Lisbon, September 6, 2019 (venezuelanalysis.com) – US-based financial services company Mastercard has cut service to two Venezuelan banks sanctioned by the Donald Trump administration.
Effective this past Wednesday, clients of the Bolivarian National Armed Forces Bank (BANFANB) and the Agricultural Bank of Venezuela have been cut off from Mastercard’s international payment platform.
The move comes just weeks after a US executive order freezing Venezuelan government assets in the United States and prohibiting all dealings with the Venezuelan state and its associated entities. The decree authorizes Mastercard, Visa, and other financial service firms to continue activities in Venezuela until March 22, 2020. Mastercard has yet to issue a public statement regarding its unilateral decision.
For its part, BANFANB issued a statement Wednesday accusing Mastercard of committing a “flagrant violation of our clients’ human rights.”
The state bank further announced that as of Wednesday evening it had succeeded in reconnecting its credit cards to 60 percent of the Venezuelan banking system.
The Agricultural Bank of Venezuela has yet to issue a public statement.
Earlier this year, the US Treasury Department’s Office of Foreign Assets Control (OFAC) likewise sanctioned Venezuela’s Central Bank and three other state banks.
In response to Mastercard’s pull-out, Venezuela’s National Superintendence of Banks held meetings Wednesday with banking and financial service representatives to discuss progress in building an independent financial infrastructure. Several payment platforms are under development, including the Suiche Nacional and the C2P, while a biometric payment system is currently in a trial period.
Mastercard’s decision came on the heels of a Chinese oil contractor halting expansion work in Sinovensa, a joint venture between Venezuelan state oil company PDVSA and its Chinese counterpart, China National Petroleum Corporation (CNPC). China Huanqiu Contracting and Engineering Corporation, an affiliate of the CNPC, reportedly notified Sinovensa it was suspending work from September 3, citing US $52 million in unpaid invoices.
Sinovensa had recently announced plans to expand a crude blending facility by 57 percent, to a total output of 165,000 barrels per day (bpd). The joint venture is located in Venezuela’s Orinoco Oil Belt. At the time of writing there has been no official confirmation from PDVSA or the CNPC.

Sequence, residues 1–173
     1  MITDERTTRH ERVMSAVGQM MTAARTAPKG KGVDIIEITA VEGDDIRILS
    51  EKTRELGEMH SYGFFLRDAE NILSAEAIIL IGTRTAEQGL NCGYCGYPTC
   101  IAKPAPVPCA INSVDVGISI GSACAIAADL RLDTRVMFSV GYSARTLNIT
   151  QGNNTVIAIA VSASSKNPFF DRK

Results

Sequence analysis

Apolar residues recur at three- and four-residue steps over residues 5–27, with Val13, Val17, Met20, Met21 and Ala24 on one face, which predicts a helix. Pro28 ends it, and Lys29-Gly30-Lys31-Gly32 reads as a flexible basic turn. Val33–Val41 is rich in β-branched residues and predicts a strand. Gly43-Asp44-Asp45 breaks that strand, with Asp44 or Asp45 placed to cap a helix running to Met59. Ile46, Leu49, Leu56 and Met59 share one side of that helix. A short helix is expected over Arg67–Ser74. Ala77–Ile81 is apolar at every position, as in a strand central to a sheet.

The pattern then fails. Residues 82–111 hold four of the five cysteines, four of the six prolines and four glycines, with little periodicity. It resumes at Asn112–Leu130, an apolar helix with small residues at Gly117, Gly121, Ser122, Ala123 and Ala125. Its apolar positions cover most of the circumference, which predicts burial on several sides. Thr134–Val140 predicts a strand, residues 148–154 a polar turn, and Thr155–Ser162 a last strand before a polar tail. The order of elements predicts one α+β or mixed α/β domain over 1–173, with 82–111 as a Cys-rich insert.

Venezuela’s oil industry has seen output decline sharply in recent months as a result of corruption, brain drain, a lack of maintenance and mismanagement, and especially US sanctions.
An oil embargo imposed in late January blocked all imports of Venezuelan oil by US refineries, leading output to fall by over a third in February and March. The embargo was expanded in August to all sectors of the Venezuelan economy, with the US Treasury also threatening secondary sanctions against foreign companies that trade with Caracas.
The latest measures have resulted in the CNPC cancelling three oil shipments in August, reportedly worth around 5 million barrels. A joint venture involving US oil giant Chevron is likewise in danger, with a sanctions waiver due to expire in October.
The fallout from the latest sanctions coincided with a report from the opposition-controlled National Assembly that monthly inflation was 65.2 percent in August.
According to the legislative body’s finance commission, inflation crept back above the 50 percent hyperinflation threshold for the first time since February. The country had previously suffered 16 consecutive months of hyperinflation. The Venezuelan Central Bank released figures in May after a three-year hiatus, likewise dating the end of hyperinflation in March, but no further statistics have been released since.
August’s price rises came alongside an over 100 percent devaluation of the bolivar, both in the black market and the official exchange rate. The Venezuelan Central Bank lifted foreign exchange controls in May, allowing banks to set up “exchange tables,” but the measure has not deterred the continued devaluation of the official currency.
The liberalization of exchange controls, alongside a constriction of the quantity of bolivars in circulation, have been credited for the slowdown of inflation in the first half of 2019. However, some economists have warned that the measures have led to a contraction of demand, resulting in longer-term stagnation.
Ricardo Vaz reporting from Lisbon and Lucas Koerner from Philadelphia.